"Congratulations," Cashman said. "Good race."
Last night, Rehm defeated Cashman 373 votes to 280 in a revote for the remaining four-year term on the Dover Area School Board.
They learned the results from poll officials who tallied the votes minutes after the voting booths -- at Friendship Community Church at 3380 Fox Run Road -- closed at 8 p.m.
"I'll still be involved with the activities and go to school board meetings whenever I can," Cashman said. "There's an election for
a seat in two years. We can have another chance in two years."
The revote was limited to about 800 voters who voted at the church on Nov. 8, when the voting machines registered 100 votes for Rehm and between 0 and 1 vote for Cashman.
A Court of Common Pleas judge ordered the revote between Rehm and Cashman -- an incumbent who supported the intelligent design policy -- because of a faulty voting machine at the church.
The machine didn't properly count votes for Cashman, who has contended that he could have defeated Rehm, the winning four-year candidate with the fewest votes.
Yesterday, 621 people voted at the church and 32 sent in absentee ballots.
Joins CARES winners: Rehm will now join fellow Dover CARES (Citizens Actively Reviewing Educational Strategies) members elected to the school board on Nov. 8.
There were eight open seats on the school board, and CARES candidates narrowly took all of them, defeating incumbent school board members.
"It's been a long haul, especially with being a part of Dover CARES, work and my family," Rehm said. "Now I can get to work as a Dover school board member, working to make sure this intelligent design issue stays in our past and doesn't become our future."
Rehm said he also wants to help improve elementary school reading and high school math programs, as well as find ways to bring extra revenue into the district.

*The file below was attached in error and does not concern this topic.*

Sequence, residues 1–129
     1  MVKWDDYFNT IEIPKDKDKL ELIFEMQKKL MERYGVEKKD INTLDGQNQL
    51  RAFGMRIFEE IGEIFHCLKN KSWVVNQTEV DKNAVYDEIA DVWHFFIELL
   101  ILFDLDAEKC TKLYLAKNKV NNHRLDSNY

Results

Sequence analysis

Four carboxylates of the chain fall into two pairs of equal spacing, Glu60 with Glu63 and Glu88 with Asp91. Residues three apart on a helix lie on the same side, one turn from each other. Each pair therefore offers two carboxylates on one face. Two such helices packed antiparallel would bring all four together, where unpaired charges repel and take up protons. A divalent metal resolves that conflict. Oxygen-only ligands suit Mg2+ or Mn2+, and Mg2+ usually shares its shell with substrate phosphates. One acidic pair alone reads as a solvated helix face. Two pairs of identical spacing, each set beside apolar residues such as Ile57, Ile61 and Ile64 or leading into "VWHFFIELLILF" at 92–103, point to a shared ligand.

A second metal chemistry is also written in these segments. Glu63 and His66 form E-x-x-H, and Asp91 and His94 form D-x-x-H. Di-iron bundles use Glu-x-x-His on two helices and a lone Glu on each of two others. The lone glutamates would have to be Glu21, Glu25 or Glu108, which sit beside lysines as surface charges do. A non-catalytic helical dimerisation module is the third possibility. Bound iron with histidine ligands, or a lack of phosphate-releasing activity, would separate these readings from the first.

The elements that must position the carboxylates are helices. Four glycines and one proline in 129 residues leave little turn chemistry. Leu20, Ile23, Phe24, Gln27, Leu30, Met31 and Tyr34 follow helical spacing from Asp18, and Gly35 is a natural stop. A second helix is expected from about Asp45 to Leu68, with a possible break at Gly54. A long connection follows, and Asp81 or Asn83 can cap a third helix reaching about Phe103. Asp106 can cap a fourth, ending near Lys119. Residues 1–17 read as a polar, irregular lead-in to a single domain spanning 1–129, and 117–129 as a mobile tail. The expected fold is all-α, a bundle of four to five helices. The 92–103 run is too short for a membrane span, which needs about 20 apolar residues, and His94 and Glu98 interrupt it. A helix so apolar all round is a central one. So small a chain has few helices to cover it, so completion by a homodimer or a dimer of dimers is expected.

Rehm, 29, a science teacher in Adams County, and Cashman, a self-employed business owner, sit in different camps on the intelligent design issue.
Cashman supports teaching intelligent design -- which contends that some aspects of life are too complex to have developed in the manner described by Charles Darwin -- in science class, while Rehm and fellow Dover CARES members proposed teaching intelligent design in an elective course, not in science.
Was part of lawsuit: The district's debate over intelligent design made its way to federal court late last year.
On Dec. 20, a judge ordered the school district to repeal a policy the previous school board set to include intelligent design in biology classes.
The judge's ruling sided with 11 parents, including Rehm, who sued the board, claiming the policy violated the anti-establishment clause of the U.S. Constitution. Judge John E. Jones said intelligent design is religious creationism, not science.
Cashman, 51, had served on the school board for eight months after being appointed by members of the former school board.
He said he felt the intelligent design issue, including the November vote outcome and the federal court ruling, was in the forefront of the voters' minds last night.
While several people who revoted kept their selections private, they said the intelligent design issue was important to their voting decision despite the federal court ruling.
An issue for voters: "I voted according to what I truly felt in my heart as to what's right," voter Bob Collins said. "This (intelligent design) is the main issue. I cast a vote in favor of intelligent design."
Wendy Shaffer and her husband, Jeff, said they, too, were satisfied with the previous board's policy of letting students know there was another explanation for life besides Darwin's theory of evolution.
"I don't think this vote will make that much of a difference with the new school board," Wendy Shaffer said. "I just want to see that teaching kids is the top priority no matter who's on the board."
Voters Tom and Judy Walker said they don't think intelligent design should be discussed in school as part of a science class.
"We are religious," Judy Walker said. "There are many different religions in the area. But it should be taught in the home and in church, but not in school."
--Reach Eyana Adah McMillan at 854-1575 or email@example.com.